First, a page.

Urgent Steps Needed to End Domestic Violence During Pregnancy

Urgent Steps Needed to End Domestic Violence During Pregnancy

Domestic Violence

According to the World Health Organization (WHO), Domestic Violence is one of the major concerns globally. In India, 29 percent of women in the age group of 15- 49 years face spousal violence and 3% of them experience physical abuse during pregnancy(NFHC-V). DV comprises physical, sexual, and emotional abuse along with controlling behavior. During pregnancy, it results in a detrimental impact on the health of both the maternal and the fetus, which leads to anxiety, depression, suicidal attempts, and miscarriage, and affects maternal well-being.

Identifying DV among women is a challenging task as in most cases, they don’t disclose their adverse experiences. However, pregnancy provides an opportunity to identify DV because, during routine checkups, healthcare providers can screen such violence and provide adequate support to empower them and improve their well-being with the help of trained mental health professionals. One of the interventions to identify and support such women is found by one study, conducted at Maulana Azad Medical College, New Delhi, where BIP (Behavioral Intervention Package) as an intervention, along with critical therapeutic interventions, including yoga-based methods, psychotherapy, counseling and awareness about wellbeing and the right of health rights women, was administered on the participants belonging from low socio-economic status with less education.

BIP(Behavioral Intervention Package)

It is a conscious effort to empower women suffering from DV during pregnancy by imparting them psychological support to obtain better mental and physical health.

The findings showed a positive impact of BIP on participants’ quality of life, reduced stress, and DV at personal and societal levels. A study of Southern Italy also represents pregnancy as a key moment to identify DV and provide support accordingly. Apart from this, numerous studies accord pregnancy as a crucial way to identify DV in women attending antenatal clinics.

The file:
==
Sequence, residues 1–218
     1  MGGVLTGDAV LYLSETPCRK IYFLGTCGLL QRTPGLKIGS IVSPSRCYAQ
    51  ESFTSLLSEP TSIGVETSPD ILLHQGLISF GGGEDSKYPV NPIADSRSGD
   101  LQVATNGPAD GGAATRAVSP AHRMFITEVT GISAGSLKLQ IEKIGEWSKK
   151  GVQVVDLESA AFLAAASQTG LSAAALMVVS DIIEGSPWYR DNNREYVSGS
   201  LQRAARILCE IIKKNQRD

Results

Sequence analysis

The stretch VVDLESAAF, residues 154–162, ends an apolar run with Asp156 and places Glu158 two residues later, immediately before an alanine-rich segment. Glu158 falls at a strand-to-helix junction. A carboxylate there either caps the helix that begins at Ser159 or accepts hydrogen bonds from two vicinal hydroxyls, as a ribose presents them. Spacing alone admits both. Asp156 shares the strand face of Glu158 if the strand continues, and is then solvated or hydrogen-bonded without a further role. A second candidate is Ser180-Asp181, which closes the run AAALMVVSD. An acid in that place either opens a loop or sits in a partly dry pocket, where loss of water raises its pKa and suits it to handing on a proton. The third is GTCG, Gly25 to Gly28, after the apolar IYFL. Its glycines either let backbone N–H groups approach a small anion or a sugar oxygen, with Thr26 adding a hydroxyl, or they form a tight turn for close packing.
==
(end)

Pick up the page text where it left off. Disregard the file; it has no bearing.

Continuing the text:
Study Findings

  • Women from Low socioeconomic status face comparatively more DV during pregnancy than others.
  • The physical and mental health of pregnant women will be improved with the introduction of BIP in antenatal clinics along with critical therapeutic interventions, including yoga-based methods, counseling, psychotherapy, and awareness about the well-being and health rights of women. This intervention also empowers women with the awareness of her rights and freedom which will make them healthy and assertive.
  • Creating awareness about DV at the school level and designing life skills for them will reduce the occurrence of such violence in the future.
  • More screening methods and tools for DV need to be researched and developed to detect such violence during pregnancy.
  • Meerambika Mahapatro, Sudeshna Roy, Meerambika Mahapatro, & Sudeshna Roy. (2024, April 18). Break the vicious cycle of domestic violence during pregnancy. Deccan Herald. https://www.deccanherald.com/opinion/break-the-vicious-cycle-of-domestic-violence-during-pregnancy-2983555
  • World Health Organization. (n.d.). Understanding and addressing violence against women. https://iris.who.int/bitstream/handle/10665/77432/WHO_RHR_12.36_eng.pdf
  • https://www.ncbi.nlm.nih.gov/pmc/articles/PMC6747083/

Leave feedback about this

  • Rating